So I recently got the chance to purchase the Dell S4048-ON 10/40Gb ethernet switch for the lab, and due to how crazy powerful this switch is, I just had to take a look at what’s inside. After you take out all 23 of the case screws, you can simply lift up the top cover to reveal 3 boards.
The board on the left is actually the switch itself, the board in the middle is the processor board equipped with 2GB of ram and an 8GB SSD, and the board on the right controls the 3 hot-swap fan modules that this system has. Here is a nice closeup of that processing board. From my understanding, the processor board controls the switch chips on the main board, and does not actually directly interface with the ethernet ports on the front, which I find interesting.
Taking the four screws out and removing the processor board reveals a pretty bare board underneath. You can see the vertical connector that the processor module interfaces with on the left, and the connector that links the fan board to the switch board in the middle.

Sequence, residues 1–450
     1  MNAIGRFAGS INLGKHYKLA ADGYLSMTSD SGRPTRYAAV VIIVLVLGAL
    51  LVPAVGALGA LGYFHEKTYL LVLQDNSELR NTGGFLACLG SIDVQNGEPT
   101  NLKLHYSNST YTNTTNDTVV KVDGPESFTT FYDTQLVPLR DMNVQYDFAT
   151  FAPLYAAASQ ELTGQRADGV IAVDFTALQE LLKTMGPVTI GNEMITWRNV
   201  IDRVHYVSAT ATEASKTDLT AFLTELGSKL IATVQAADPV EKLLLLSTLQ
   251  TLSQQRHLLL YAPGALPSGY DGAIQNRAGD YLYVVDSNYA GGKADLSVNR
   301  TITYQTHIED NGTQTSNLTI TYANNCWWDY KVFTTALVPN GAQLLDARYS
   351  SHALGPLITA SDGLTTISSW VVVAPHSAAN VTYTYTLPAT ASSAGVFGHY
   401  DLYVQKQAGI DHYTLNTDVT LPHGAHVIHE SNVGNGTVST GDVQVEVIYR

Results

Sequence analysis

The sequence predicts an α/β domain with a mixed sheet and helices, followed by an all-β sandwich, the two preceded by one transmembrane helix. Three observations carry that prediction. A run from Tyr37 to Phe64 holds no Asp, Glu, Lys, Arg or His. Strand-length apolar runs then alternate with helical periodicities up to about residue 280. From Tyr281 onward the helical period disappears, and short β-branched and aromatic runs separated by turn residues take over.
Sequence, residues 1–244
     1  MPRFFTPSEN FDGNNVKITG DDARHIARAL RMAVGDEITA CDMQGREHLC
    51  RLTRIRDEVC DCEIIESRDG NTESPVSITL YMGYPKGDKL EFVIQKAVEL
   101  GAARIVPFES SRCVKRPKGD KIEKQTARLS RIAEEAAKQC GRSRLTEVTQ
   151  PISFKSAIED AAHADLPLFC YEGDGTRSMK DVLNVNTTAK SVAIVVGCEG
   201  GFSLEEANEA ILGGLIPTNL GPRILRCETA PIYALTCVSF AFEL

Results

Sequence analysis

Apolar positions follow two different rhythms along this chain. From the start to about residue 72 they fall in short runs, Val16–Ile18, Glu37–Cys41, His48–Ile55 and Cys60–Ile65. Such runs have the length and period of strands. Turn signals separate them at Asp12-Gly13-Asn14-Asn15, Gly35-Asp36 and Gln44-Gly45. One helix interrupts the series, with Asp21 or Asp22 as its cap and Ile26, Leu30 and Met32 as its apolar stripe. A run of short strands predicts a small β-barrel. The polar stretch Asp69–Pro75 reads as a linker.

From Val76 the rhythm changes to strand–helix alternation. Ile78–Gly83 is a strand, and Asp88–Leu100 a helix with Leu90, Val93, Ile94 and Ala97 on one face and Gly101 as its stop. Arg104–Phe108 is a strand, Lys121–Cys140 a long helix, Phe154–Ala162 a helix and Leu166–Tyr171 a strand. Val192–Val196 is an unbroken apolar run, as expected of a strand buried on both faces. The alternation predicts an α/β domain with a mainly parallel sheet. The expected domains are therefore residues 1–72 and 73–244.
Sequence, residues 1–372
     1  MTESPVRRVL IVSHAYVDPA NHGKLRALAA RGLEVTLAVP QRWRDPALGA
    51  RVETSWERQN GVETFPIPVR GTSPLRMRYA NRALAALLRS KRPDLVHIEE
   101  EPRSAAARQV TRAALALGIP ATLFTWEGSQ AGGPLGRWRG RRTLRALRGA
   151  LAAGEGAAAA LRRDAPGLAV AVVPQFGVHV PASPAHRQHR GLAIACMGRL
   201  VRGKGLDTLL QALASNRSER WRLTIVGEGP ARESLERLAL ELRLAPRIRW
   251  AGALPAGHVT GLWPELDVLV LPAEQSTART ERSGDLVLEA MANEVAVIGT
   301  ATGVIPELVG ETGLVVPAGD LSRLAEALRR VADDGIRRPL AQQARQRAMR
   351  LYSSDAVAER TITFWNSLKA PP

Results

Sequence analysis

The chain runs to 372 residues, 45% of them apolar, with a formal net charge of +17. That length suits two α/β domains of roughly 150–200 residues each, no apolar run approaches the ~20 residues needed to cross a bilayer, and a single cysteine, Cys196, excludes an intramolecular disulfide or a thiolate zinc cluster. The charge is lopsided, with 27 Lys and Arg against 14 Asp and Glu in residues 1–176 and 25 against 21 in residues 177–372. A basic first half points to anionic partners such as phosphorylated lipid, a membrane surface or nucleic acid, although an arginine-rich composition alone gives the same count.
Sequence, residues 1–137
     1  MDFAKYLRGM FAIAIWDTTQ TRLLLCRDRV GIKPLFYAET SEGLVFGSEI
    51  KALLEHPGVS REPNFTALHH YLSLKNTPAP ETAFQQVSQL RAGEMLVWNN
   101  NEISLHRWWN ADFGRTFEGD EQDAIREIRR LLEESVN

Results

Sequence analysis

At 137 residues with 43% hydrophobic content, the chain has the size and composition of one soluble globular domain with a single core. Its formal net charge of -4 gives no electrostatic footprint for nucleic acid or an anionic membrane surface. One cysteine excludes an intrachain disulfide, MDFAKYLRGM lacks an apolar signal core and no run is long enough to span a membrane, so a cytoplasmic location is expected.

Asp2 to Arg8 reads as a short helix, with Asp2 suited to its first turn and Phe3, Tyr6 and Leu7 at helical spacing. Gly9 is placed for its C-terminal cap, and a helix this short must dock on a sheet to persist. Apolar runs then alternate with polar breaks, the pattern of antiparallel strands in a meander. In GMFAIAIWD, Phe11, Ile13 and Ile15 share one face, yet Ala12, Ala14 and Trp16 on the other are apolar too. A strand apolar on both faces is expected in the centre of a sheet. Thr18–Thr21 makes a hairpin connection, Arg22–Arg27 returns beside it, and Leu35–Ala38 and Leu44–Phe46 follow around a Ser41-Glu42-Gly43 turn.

Looking now at the bottom side of the processor board, you can see that there are pads for a sata data+power connector. I’m not sure if any switches on the dell line actually have a full 2.5″ sata connector/drive on them, but it just shows how crazy we’ve come in terms of seemingly simple devices like ethernet switches.
Here’s that 2GB of ECC DDR3 memory I was talking about. Pretty basic. I bet you it can be upgraded to 4GB or even 8GB, but at this point I don’t see any reason to do so.
And finally here’s the 8GB SSD I was talking about. According to its datasheet it uses an 8GB MLC flash chip and uses their own controller. It also runs at SATA-III speeds, which is expected for a switch like this.
So that’s a tour of the insides of the Dell S4048-ON Switch. It’s a very nice switch with a really powerful CLI, and I hope to be posting more about it in the future.